Town, county and state reactions to climate change

Town, county and state reactions to climate change

Supervisor Ed Romaine is taking a leadership role in trying to streamline town government services. File photo by Erika Karp

Town, county and state officials on both sides of the aisle agree that climate change poses a real threat to Long Island. That’s why they’re taking serious steps to address the issue, protect the environment and work to save the region from projected devastation.

In his March 24 State of the Town Address, Brookhaven Town Supervisor Ed Romaine (R) devoted more time to the environment than any other issue, outlining measures taken by Brookhaven to reflect the growing threats of climate change, and sea level rise especially — noting the town has the largest coastline of any in the state.

Romaine said the town will continue working to restore its wetlands and limit residential and commercial development to such critical floodplain areas, among several other initiatives to prepare for the challenges ahead.

“It’s a wake up call if we don’t sound the alarm now and come together,” Romaine said in a phone interview. “Whatever I can do, I’m on board. I wish more people in my party shared that belief … but I’m absolutely dedicated to this because I’m a human being living on this planet that’s being threatened every day. Five of the past six years have been the warmest on record. It’s time to wake up.”

Building on ambitious goals set in the past — like cutting the town’s greenhouse gas emission by 50 percent by the year 2020 as proposed in his five-year capital plan two years ago — he said the town plans to replace 35,000 streetlights with energy-efficient LED lights within the next two years to save costs and reduce its carbon footprint; will continue to replace aging cars with hybrid, fuel-efficient models; has already revised its solar code to prevent deforestation and clear cutting of trees; and has instituted wind, solar and geothermal codes, requiring new residential home construction to be “solar ready.”

Resources to help make homes energy efficient 

•Free energy audit:

Long Island Green Homes Initiative is a public-private partnership that offers homeowners a professional energy audit at no cost. It provides an easy-to-use website coupled with energy navigators that help answer any questions a homeowner has and schedule a free home energy assessment providing an in-depth analysis of a home’s energy efficiency. Visit www.longislandgreenhomes.org.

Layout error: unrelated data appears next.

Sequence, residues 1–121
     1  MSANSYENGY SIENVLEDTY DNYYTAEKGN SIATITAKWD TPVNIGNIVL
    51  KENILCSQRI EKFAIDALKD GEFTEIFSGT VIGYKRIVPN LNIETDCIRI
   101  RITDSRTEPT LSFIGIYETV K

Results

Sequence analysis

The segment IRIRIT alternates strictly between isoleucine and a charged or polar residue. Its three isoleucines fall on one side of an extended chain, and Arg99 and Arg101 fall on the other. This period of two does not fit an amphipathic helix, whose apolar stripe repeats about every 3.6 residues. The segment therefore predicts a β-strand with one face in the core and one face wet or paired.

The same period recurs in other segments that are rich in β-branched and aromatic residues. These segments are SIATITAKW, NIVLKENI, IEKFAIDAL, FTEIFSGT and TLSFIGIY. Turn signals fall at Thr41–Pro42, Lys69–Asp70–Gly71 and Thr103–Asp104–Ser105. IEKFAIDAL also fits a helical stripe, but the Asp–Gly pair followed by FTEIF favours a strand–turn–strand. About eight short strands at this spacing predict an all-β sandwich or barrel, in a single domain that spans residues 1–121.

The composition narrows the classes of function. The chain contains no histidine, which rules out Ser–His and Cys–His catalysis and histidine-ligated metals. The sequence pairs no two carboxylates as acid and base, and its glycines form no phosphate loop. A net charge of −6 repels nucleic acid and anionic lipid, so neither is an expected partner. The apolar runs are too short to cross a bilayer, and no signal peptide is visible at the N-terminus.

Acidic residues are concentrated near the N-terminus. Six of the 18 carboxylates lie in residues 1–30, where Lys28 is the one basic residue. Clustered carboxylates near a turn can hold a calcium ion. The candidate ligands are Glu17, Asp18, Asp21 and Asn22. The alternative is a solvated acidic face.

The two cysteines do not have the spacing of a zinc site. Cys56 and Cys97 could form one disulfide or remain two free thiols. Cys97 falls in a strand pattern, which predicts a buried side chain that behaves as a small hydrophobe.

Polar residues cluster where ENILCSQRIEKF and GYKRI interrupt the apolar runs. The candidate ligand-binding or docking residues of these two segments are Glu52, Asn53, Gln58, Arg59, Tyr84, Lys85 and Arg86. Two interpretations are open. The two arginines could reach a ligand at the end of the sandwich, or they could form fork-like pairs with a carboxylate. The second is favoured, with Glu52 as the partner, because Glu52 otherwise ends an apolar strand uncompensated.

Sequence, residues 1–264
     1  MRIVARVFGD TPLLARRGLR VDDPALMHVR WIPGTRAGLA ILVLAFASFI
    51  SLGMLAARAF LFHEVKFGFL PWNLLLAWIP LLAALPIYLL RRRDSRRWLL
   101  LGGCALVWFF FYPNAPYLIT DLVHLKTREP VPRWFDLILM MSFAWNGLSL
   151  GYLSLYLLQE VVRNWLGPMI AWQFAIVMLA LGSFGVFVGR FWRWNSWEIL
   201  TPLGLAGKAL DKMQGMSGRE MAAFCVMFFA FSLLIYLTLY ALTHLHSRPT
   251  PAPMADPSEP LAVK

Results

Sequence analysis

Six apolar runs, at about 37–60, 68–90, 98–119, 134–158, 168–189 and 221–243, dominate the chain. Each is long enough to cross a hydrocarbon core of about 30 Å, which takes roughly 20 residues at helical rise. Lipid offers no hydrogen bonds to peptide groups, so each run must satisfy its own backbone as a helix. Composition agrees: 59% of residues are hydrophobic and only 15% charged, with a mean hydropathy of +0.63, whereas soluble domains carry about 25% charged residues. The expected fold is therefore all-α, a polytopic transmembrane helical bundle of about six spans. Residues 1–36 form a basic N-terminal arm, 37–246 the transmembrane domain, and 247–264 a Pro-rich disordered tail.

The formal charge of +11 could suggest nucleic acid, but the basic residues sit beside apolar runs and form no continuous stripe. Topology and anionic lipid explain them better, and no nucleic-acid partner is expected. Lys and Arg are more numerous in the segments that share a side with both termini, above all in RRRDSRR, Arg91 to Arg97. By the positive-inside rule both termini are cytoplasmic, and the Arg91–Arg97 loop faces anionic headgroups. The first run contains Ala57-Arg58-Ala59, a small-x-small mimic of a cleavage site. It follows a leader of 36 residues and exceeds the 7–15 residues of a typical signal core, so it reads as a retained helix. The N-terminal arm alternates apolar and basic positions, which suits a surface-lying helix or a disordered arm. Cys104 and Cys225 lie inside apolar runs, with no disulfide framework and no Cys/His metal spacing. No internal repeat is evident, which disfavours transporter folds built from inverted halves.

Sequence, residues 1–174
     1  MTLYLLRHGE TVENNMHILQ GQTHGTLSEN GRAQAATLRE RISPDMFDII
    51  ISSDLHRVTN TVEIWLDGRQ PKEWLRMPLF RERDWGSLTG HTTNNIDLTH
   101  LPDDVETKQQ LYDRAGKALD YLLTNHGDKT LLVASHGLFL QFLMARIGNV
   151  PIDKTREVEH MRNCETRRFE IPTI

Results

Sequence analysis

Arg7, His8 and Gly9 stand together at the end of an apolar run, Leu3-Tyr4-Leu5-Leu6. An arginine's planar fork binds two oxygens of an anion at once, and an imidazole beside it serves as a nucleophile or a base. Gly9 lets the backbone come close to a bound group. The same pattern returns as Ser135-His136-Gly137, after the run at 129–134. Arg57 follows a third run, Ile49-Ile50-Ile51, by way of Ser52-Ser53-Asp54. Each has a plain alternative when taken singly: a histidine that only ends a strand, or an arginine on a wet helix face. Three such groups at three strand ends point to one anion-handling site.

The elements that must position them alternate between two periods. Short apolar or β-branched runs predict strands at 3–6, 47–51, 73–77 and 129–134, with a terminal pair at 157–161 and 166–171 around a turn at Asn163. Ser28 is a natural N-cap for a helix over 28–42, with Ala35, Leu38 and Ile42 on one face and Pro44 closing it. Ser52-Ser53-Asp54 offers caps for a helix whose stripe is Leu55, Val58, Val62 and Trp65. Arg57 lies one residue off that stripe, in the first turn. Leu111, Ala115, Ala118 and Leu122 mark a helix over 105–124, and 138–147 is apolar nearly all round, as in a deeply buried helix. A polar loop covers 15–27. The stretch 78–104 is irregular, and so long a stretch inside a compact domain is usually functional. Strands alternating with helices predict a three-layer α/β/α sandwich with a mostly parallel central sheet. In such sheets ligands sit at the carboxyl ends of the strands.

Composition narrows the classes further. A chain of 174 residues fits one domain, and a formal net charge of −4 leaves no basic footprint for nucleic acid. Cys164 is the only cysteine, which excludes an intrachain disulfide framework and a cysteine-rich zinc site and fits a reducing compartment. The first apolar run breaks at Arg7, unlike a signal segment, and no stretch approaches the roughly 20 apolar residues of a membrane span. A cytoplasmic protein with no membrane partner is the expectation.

•Carbon footprint calculator:

Cool Climate, a program started at the University of California, Berkley, offers a webpage to help estimate  your carbon footprint. Visit http://coolclimate.berkeley.edu/carboncalculator to find out yours.


•No-cost energy upgrades:

EmPower New York provides free energy efficiency solutions to income-eligible New Yorkers. Whether you own your home or rent, a participating contractor will be assigned to you to assess if your home would benefit from free energy upgrades such as:

-Air sealing to plug leaks and reduce drafts

-Insulation to make your home more comfortable all year round

-Replacement of inefficient refrigerators and freezers

-New energy-efficient lighting

-Plus, free health and safety checks of your smoke detectors, appliances and more. Visit www.nyserda.ny.gov/All-Programs/Programs/EmPower-New-York.

•Solar energy incentives:

The NY-Sun Incentive Program provides financial incentives to help reduce the installation costs associated with solar electric systems. Incentives are based on building sector and size (residential, small commercial and large commercial/industrial), and within each sector, there are different incentives for specific regions of NY. Income-eligible households may qualify for a program that lowers the up-front cost of installing solar for a homeowner, double incentives for certain households and free home energy improvements. Visit www.nyserda.ny.gov/All-Programs/Programs/NY-Sun/About.